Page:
The traction control on the Roadster is nothing like what you’ve ever had before. It’s incredibly sensitive and accurate. Several days ago, I drove it uphill in 1.5 inches of soft snow — about the worst traction conditions you can have (except ice). The TC system kicked in without me noticing — except that no matter how much I modulated the accelerator pedal, the forward acceleration remained constant. I was unable to detect any adjustments the TC system was making to keep the wheels from slipping. It was an incredible experience. There were no signs of your typical ICE-based TC behavior (increase torque, slip, decrease torque, increase torque, slip, repeat). Even on dry pavement with the winter tires (which can’t handle the full torque output), the TC does a perfect job at maintaining the tires at their maximum output without losing traction.
And related to the torque involved in flooring it while at a stand-still, the Roadster does not deliver 100% torque at 0 RPM. It definitely ramps up, and you can feel it (once you’ve become used to the car). Everyone talks about 100% torque at 0, but it’s really not true for the Roadster. If it did have 100% at 0, the 0-60 would be even more impressive (though I think keeping torque at 100% from 45-60 is probably more important). It doesn’t bother me, however.
leg rubbing against center console
I’ve become used to the stiff ride of my STi. The Roadster is actually a softer ride in most respects. Anything that causes large sudden movement in the suspension is louder than the STi, but the Roadster handles it well.
Speed bumps are softer in the Roadster — especially in the rear due to all the weight on the rear axle. My daily commute involves 5 large speed bumps (2 rated at 15 MPH, 3 at 20 MPH). I go 5-10 MPH faster over them without trouble.
Railroad tracks are handled better than my STi. The ones I drive over regularly aren’t the bumpiest, but it’s a good testament to the way the Roadster generally handles road imperfections. I’m pretty happy with it.
Steering, steering wheel, accel/decel
Finding buttons while driving
Brakes; transitioning from 1 MPH to 0 MPH (motor cut-off results in sudden jerky stop); need to press brakes more as you approach 0; braking while regen shuts down due to slippage .. unsafe, awkward
Rain & soft top
A/C noise (mine’s louder than usual? fixed?)
sound of motor; wind; road noise
Play in tranny at low speeds is detectable (feel & sound); unfortunate
Heat (weak, takes time; floor heat good for passenger, not driver)
Effect on range
A/C — haven’t needed it yet
Ingress and Egress
should have a way to set time to finish charging; starting charging at a particular time with plenty of time planned, i found it still charging in the morning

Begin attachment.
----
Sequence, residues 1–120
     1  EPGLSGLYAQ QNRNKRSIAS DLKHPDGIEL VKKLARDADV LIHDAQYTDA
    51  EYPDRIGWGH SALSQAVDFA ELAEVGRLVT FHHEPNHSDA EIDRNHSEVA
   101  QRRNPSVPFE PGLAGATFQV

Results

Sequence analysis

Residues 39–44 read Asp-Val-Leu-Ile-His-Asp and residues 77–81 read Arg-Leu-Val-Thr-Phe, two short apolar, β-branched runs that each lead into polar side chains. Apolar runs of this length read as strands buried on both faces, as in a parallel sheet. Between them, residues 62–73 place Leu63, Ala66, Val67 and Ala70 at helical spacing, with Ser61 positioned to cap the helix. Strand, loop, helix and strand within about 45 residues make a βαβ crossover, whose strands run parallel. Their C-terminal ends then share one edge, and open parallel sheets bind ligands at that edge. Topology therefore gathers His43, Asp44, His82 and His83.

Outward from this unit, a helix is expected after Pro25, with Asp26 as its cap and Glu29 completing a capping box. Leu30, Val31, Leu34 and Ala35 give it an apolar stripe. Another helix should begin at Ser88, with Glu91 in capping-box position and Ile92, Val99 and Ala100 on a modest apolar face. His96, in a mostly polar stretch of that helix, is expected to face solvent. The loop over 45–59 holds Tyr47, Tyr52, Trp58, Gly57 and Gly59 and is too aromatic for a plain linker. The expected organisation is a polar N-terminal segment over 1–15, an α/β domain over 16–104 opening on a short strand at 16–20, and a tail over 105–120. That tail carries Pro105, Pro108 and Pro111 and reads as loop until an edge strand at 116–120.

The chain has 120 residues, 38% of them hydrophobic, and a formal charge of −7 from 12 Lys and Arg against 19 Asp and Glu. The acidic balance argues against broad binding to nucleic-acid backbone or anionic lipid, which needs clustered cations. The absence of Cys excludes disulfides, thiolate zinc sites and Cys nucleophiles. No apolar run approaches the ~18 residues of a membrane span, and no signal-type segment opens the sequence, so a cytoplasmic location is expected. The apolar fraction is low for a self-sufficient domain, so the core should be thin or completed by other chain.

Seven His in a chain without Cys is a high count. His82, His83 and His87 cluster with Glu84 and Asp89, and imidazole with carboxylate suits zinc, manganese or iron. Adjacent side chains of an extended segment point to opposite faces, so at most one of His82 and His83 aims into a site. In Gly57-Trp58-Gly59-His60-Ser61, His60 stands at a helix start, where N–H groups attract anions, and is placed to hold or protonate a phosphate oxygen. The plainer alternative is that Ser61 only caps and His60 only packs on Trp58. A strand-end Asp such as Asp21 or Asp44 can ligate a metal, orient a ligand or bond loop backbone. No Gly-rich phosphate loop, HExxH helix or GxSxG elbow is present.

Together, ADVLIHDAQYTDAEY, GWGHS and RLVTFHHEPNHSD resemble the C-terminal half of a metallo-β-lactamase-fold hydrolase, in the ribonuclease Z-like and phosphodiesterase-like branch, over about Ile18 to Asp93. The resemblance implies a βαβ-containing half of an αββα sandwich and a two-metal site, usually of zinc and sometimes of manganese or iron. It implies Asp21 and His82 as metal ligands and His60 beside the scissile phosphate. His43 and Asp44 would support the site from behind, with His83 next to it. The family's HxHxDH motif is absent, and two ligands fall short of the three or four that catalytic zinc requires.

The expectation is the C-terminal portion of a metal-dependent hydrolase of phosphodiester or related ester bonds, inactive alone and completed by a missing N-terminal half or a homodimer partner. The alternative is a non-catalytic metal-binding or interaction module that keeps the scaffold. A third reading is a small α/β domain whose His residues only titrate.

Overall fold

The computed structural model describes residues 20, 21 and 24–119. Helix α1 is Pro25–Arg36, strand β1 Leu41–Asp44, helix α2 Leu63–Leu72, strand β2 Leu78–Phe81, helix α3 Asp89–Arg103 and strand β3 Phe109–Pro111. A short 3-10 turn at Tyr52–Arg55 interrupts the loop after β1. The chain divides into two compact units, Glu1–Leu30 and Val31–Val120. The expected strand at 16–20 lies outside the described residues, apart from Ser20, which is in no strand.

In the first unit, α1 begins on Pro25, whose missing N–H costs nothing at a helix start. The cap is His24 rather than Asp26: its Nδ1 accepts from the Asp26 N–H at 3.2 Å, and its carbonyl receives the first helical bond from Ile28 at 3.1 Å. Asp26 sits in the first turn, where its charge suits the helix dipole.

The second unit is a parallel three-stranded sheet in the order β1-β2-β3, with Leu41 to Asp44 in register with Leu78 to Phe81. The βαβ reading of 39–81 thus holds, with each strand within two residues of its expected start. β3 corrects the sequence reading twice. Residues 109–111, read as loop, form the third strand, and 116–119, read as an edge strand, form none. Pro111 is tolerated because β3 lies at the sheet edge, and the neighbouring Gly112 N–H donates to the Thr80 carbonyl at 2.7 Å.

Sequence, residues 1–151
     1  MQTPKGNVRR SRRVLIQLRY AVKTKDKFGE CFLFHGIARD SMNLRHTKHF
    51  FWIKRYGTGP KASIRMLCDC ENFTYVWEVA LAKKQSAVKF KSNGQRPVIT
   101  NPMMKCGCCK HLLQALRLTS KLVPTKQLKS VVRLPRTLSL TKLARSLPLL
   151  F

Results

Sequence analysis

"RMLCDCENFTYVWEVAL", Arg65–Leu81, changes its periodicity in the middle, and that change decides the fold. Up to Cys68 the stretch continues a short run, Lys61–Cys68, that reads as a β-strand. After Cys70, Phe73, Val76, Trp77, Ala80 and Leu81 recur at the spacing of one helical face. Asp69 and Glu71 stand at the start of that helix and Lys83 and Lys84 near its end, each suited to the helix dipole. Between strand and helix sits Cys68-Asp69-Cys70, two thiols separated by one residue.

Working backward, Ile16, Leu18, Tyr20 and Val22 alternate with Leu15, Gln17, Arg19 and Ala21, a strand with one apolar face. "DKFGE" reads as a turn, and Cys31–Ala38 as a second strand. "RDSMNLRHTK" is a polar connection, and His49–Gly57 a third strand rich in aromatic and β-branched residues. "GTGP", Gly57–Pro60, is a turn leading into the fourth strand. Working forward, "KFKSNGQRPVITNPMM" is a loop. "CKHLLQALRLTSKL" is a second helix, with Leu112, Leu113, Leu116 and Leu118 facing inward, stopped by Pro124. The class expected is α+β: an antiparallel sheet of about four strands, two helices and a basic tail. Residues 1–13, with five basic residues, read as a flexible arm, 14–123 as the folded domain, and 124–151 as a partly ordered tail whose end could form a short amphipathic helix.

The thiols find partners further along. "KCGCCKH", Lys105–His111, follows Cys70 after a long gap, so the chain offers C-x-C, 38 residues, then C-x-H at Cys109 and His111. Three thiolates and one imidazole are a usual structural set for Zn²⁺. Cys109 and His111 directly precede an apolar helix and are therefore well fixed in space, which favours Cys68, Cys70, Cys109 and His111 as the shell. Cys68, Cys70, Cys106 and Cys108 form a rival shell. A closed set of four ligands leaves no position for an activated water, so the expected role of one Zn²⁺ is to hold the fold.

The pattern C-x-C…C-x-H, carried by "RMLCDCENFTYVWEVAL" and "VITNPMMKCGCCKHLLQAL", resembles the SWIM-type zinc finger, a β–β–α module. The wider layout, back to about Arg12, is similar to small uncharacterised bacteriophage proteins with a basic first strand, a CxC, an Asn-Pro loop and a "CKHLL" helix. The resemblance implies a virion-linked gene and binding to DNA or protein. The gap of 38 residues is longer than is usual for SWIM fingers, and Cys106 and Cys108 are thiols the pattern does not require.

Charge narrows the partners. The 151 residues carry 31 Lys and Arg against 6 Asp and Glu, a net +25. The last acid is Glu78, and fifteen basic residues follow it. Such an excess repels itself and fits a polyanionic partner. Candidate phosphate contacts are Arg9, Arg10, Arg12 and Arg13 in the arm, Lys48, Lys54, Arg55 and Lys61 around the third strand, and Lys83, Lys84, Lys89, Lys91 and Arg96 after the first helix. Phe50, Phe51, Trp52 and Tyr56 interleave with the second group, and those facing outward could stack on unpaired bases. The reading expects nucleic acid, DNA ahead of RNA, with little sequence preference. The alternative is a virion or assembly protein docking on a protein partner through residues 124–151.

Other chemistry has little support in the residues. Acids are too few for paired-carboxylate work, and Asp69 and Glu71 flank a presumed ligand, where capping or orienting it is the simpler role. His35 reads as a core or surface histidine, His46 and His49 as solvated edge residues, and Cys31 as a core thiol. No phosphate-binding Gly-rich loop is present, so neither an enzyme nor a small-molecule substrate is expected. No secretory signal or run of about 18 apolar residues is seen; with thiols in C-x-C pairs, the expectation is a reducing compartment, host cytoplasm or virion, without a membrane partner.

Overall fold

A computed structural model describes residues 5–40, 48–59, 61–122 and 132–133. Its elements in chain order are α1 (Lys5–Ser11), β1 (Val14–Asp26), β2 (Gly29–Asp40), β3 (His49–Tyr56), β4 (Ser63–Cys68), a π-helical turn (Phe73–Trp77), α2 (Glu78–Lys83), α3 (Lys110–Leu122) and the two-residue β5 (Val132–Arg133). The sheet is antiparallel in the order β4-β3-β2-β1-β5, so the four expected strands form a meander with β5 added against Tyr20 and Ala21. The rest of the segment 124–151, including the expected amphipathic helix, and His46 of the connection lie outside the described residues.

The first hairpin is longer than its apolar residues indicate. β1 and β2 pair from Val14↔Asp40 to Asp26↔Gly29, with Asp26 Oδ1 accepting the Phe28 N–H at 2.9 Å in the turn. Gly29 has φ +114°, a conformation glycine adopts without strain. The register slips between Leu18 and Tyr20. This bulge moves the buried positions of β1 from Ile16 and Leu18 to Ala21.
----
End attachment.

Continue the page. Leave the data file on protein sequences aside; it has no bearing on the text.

J1772 connector; barrel end of UMC is metal, heavy, getting hard to twist, especially in the cold (cold to handle, too)
“it’s cold out” warning light trains my eyes to ignore warning lights on the console
Show outside temp on all VDS screens or somewhere else please
VDS (quality, usefulness)
If estimated range is based on 40 miles of driving, VDS should have 40 mile option
Interior lights when dark — drive selector too bright, doesn’t fade with the dimmer well
KW meter is awesome — great to have it there
Taking top on/off
Storage of soft top
Storage (rear, glove compartment); taken up by soft top and umc
Glove box; small but I have plenty of stuff in it
reverse-to-drive — need to be near 0 MPH; not obvious when it doesn’t shift, you step on accel and go the wrong direction; scraped front end as a result
Not sure how I feel about the buttons; I’d rather something physically prevent me from doing something if it’s unsafe so I’m not guessing/assuming
Accelerator mapping (repeat of above)
canceling cruise control (not that I’ve used it) = sudden, unintended slowdown
blind spots; mirrors (manual adjust); center rear-view too big for taller people
seeing stoplights, and i’m 5’3″
Heated seat buttons hard to get to, nearly impossible to see (are they on high/low/off?)
Repeatedly hit the wiper when pulling my hand away from volume on radio
Can’t see or use iPod in it’s “dock”
Taller people can’t see gauges
Headlights (fog, frost; sky-facing materials)
Rear taillights — offensively bright
Regenerative braking shuts off entirely when the battery pack goes below 40F (4C). It does this because charging the batteries below freezing negatively affects their lifespan. Unfortunately, this alters the intrinsic behavior of the car. Suddenly instead of slowing down when you lift off the accelerator, you simply coast. You must quickly re-train yourself to use the brake pedal (and lose out on the range benefits of regenerative braking).
Heat first to charge
Alpine & provided speakers provides plenty of good sound
keyfob range terrible
Not particularly refined
Alpine HU buggy; backup cam to bluetooth starts music (was stopped before); doesn’t always see phone
Center console flexes with driver and/or passenger leg resting on it
Day to Day
UMC a pain to use every day; stiff when cold
finding a spot to charge
Range — 30 miles left… was worried; actually dislike seeing under 100, especially under 50; can’t imagine 100 mile range EV
My problems: ignition wouldn’t turn, rattles & squeaks, water thru door handle, fogging headlights, loud A/C, bubble in 3M paint protection, alpine NAV muted (no voice guidance), trunk release, play in seat, play in steering wheel
The service I had done (talk about the experience)
This entry was posted on Monday, January 3rd, 2011 at 10:41 pm and is filed under Uncategorized. You can follow any responses to this entry through the RSS 2.0 feed. You can leave a response, or trackback from your own site.